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Prediction of late death or disability at age 5 years using a count of 3 neonatal morbidities in very low birth weight infants


Schmidt, Barbara; Roberts, Robin S; Davis, Peter G; Doyle, Lex W; Asztalos, Elizabeth V; Opie, Gillian; Bairam, Aida; Solimano, Alfonso; Arnon, Shmuel; Sauve, Reginald S (2015). Prediction of late death or disability at age 5 years using a count of 3 neonatal morbidities in very low birth weight infants. Journal of Pediatrics, 167(5):982-986.e2.

Abstract

OBJECTIVE To evaluate bronchopulmonary dysplasia (BPD), serious brain injury, and severe retinopathy of prematurity (ROP) as predictors of poor long-term outcome in very low birth weight infants. STUDY DESIGN We examined the associations between counts of the 3 morbidities and long-term outcomes in 1514 of 1791 (85%) infants with birth weights of 500-1250 g who were enrolled in the Caffeine for Apnea of Prematurity trial from October 1999, to October 2004, had complete morbidity data, and were alive at 36 weeks postmenstrual age (PMA). BPD was defined as use of supplemental oxygen at 36 weeks PMA. Serious brain injury on cranial ultrasound included grade 3 and 4 hemorrhage, cystic periventricular leucomalacia, porencephalic cysts, or ventriculomegaly of any cause. Poor long-term outcome was death after 36 weeks PMA or survival to 5 years with 1 or more of the following disabilities: motor impairment, cognitive impairment, behavior problems, poor general health, deafness, and blindness. RESULTS BPD, serious brain injury, and severe ROP occurred in 43%, 13%, and 6% of the infants, respectively. Each of the 3 morbidities was similarly and independently correlated with poor 5-year outcome. Rates of death or disability (95% CI) in children with none, any 1, any 2, and all 3 morbidities were 11.2% (9.0%-13.7%), 22.9% (19.6%-26.5%), 43.9% (35.5%-52.6%), and 61.5% (40.6%-79.8%), respectively. CONCLUSIONS In very low birth weight infants who survive to 36 weeks PMA, a count of BPD, serious brain injury, and severe ROP predicts the risk of a late death or survival with disability at 5 years.

Abstract

OBJECTIVE To evaluate bronchopulmonary dysplasia (BPD), serious brain injury, and severe retinopathy of prematurity (ROP) as predictors of poor long-term outcome in very low birth weight infants. STUDY DESIGN We examined the associations between counts of the 3 morbidities and long-term outcomes in 1514 of 1791 (85%) infants with birth weights of 500-1250 g who were enrolled in the Caffeine for Apnea of Prematurity trial from October 1999, to October 2004, had complete morbidity data, and were alive at 36 weeks postmenstrual age (PMA). BPD was defined as use of supplemental oxygen at 36 weeks PMA. Serious brain injury on cranial ultrasound included grade 3 and 4 hemorrhage, cystic periventricular leucomalacia, porencephalic cysts, or ventriculomegaly of any cause. Poor long-term outcome was death after 36 weeks PMA or survival to 5 years with 1 or more of the following disabilities: motor impairment, cognitive impairment, behavior problems, poor general health, deafness, and blindness. RESULTS BPD, serious brain injury, and severe ROP occurred in 43%, 13%, and 6% of the infants, respectively. Each of the 3 morbidities was similarly and independently correlated with poor 5-year outcome. Rates of death or disability (95% CI) in children with none, any 1, any 2, and all 3 morbidities were 11.2% (9.0%-13.7%), 22.9% (19.6%-26.5%), 43.9% (35.5%-52.6%), and 61.5% (40.6%-79.8%), respectively. CONCLUSIONS In very low birth weight infants who survive to 36 weeks PMA, a count of BPD, serious brain injury, and severe ROP predicts the risk of a late death or survival with disability at 5 years.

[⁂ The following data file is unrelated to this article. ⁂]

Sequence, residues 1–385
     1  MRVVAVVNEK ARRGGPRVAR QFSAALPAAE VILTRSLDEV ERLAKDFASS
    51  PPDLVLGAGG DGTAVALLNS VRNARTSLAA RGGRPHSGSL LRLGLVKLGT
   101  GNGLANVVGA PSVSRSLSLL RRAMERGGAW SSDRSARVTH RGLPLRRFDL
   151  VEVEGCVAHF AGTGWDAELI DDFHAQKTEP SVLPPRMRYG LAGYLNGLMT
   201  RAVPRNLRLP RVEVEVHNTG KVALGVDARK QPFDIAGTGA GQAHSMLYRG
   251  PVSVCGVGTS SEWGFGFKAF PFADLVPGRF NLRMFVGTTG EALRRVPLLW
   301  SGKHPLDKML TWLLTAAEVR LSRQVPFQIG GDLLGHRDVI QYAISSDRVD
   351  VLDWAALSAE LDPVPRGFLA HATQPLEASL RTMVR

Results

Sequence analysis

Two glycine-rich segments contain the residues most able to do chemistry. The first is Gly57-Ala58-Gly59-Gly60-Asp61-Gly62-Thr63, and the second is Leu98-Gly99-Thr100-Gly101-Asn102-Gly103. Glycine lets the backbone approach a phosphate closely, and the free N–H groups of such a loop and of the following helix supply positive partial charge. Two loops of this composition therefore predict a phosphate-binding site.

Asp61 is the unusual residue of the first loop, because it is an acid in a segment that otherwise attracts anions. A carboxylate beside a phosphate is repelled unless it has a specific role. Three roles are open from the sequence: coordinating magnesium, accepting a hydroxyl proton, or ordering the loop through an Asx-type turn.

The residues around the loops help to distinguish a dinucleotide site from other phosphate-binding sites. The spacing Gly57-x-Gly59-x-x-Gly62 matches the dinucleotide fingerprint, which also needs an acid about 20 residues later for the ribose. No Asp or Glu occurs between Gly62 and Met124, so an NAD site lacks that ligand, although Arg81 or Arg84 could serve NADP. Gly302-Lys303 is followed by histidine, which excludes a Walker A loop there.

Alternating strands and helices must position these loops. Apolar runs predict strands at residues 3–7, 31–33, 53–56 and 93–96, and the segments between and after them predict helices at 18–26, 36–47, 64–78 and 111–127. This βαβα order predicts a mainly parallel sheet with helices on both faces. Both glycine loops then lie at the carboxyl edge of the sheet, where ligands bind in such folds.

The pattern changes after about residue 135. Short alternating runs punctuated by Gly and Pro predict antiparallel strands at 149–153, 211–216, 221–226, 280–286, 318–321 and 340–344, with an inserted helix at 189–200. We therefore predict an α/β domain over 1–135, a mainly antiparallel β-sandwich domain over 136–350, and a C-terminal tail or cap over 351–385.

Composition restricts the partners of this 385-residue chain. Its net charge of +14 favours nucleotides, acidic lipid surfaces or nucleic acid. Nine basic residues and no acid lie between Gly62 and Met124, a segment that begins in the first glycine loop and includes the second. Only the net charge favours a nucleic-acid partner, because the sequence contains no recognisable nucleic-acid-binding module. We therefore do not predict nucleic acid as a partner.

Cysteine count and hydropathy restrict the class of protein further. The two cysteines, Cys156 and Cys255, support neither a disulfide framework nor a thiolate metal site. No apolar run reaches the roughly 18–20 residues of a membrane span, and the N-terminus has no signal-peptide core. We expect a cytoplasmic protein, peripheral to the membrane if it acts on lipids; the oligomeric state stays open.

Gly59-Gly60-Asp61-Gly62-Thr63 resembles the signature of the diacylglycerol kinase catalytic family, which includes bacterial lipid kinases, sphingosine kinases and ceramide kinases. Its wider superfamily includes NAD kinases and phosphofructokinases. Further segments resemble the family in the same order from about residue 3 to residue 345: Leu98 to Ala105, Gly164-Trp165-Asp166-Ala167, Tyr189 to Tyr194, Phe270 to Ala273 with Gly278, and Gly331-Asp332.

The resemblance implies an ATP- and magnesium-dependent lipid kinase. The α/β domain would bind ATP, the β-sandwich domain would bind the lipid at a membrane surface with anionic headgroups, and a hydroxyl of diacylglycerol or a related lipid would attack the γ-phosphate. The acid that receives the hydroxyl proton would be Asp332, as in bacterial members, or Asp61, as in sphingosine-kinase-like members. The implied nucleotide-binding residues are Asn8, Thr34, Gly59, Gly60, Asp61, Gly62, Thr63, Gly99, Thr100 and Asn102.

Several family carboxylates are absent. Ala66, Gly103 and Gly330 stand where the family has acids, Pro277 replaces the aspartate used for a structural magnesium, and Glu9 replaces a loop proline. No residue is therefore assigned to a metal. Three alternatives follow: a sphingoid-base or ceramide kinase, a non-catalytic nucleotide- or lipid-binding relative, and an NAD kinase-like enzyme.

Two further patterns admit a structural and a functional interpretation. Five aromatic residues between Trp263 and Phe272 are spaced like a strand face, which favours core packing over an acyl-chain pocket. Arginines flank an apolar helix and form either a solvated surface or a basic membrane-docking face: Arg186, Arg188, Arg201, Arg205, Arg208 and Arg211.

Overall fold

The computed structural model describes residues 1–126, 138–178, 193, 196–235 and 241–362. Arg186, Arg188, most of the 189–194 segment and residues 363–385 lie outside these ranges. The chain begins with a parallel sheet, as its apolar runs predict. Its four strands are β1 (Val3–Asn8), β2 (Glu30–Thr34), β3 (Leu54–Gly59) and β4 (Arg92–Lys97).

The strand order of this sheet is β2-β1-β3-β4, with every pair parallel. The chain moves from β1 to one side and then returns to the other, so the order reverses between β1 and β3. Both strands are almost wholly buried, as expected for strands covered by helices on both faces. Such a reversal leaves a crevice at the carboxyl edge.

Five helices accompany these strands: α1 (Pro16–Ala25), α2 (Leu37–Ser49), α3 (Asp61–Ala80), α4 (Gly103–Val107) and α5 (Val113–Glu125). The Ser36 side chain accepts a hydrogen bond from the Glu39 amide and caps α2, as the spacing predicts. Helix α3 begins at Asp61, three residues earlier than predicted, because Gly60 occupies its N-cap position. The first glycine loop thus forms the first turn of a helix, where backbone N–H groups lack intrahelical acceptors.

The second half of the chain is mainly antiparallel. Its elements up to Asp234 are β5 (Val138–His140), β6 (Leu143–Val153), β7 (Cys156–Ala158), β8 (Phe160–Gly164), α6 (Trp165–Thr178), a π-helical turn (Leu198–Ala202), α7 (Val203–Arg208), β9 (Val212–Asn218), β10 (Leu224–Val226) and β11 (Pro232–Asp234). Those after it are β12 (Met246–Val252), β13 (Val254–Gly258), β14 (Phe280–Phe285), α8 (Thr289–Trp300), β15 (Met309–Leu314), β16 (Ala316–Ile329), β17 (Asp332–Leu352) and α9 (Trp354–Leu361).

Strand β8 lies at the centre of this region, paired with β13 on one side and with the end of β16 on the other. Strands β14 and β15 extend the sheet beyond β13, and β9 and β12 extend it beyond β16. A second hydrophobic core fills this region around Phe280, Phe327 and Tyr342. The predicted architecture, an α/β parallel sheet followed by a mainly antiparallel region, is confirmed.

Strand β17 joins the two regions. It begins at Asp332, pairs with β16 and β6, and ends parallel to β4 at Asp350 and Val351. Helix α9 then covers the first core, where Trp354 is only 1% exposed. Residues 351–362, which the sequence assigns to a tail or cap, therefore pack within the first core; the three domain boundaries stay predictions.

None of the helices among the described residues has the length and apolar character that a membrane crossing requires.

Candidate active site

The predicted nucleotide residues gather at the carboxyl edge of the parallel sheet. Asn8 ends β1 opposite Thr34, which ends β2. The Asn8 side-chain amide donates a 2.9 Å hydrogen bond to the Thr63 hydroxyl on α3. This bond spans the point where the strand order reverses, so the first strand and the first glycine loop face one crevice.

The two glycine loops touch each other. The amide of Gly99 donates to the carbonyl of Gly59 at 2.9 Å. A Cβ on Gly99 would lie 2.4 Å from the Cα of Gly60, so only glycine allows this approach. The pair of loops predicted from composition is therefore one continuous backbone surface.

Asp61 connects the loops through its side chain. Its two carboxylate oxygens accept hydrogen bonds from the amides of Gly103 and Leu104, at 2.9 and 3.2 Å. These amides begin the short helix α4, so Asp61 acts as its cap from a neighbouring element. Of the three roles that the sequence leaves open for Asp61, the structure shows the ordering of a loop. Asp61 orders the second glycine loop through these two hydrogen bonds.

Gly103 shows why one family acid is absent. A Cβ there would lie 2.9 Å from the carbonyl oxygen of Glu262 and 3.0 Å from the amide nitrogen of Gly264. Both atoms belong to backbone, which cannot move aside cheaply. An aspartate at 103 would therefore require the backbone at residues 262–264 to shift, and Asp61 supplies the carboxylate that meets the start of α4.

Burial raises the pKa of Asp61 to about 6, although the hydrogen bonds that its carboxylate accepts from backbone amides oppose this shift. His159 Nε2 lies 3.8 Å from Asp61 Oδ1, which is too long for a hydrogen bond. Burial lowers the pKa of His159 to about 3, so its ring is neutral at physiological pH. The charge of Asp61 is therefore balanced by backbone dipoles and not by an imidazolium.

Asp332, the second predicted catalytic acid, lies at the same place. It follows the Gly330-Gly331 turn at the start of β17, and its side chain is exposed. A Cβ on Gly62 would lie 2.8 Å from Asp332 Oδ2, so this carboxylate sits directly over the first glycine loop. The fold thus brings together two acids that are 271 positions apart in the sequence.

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Additional indexing

Item Type:Journal Article, refereed, original work
Communities & Collections:04 Faculty of Medicine > University Hospital Zurich > Clinic for Neonatology
Dewey Decimal Classification:610 Medicine & health
Language:English
Date:November 2015
Deposited On:05 Jan 2016 07:49
Last Modified:05 Apr 2016 19:48
Publisher:Elsevier
ISSN:0022-3476
Publisher DOI:https://doi.org/10.1016/j.jpeds.2015.07.067
PubMed ID:26318030

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